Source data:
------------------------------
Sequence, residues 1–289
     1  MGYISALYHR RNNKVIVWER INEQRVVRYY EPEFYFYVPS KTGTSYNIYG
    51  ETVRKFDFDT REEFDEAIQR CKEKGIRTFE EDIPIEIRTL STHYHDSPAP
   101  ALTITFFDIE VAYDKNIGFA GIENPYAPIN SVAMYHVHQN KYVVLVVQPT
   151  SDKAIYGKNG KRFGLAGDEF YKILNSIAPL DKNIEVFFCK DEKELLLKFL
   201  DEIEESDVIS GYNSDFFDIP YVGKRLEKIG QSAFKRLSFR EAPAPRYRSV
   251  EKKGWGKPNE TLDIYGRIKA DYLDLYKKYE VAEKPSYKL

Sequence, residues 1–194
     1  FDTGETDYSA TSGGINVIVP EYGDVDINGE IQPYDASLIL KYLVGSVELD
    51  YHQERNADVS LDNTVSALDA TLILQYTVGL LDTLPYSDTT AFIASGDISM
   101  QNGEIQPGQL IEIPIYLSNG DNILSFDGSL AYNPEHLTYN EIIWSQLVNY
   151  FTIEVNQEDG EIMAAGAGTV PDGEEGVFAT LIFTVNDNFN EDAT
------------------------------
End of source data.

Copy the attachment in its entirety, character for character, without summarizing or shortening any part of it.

Sequence, residues 1–289
     1  MGYISALYHR RNNKVIVWER INEQRVVRYY EPEFYFYVPS KTGTSYNIYG
    51  ETVRKFDFDT REEFDEAIQR CKEKGIRTFE EDIPIEIRTL STHYHDSPAP
   101  ALTITFFDIE VAYDKNIGFA GIENPYAPIN SVAMYHVHQN KYVVLVVQPT
   151  SDKAIYGKNG KRFGLAGDEF YKILNSIAPL DKNIEVFFCK DEKELLLKFL
   201  DEIEESDVIS GYNSDFFDIP YVGKRLEKIG QSAFKRLSFR EAPAPRYRSV
   251  EKKGWGKPNE TLDIYGRIKA DYLDLYKKYE VAEKPSYKL

Sequence, residues 1–194
     1  FDTGETDYSA TSGGINVIVP EYGDVDINGE IQPYDASLIL KYLVGSVELD
    51  YHQERNADVS LDNTVSALDA TLILQYTVGL LDTLPYSDTT AFIASGDISM
   101  QNGEIQPGQL IEIPIYLSNG DNILSFDGSL AYNPEHLTYN EIIWSQLVNY
   151  FTIEVNQEDG EIMAAGAGTV PDGEEGVFAT LIFTVNDNFN EDAT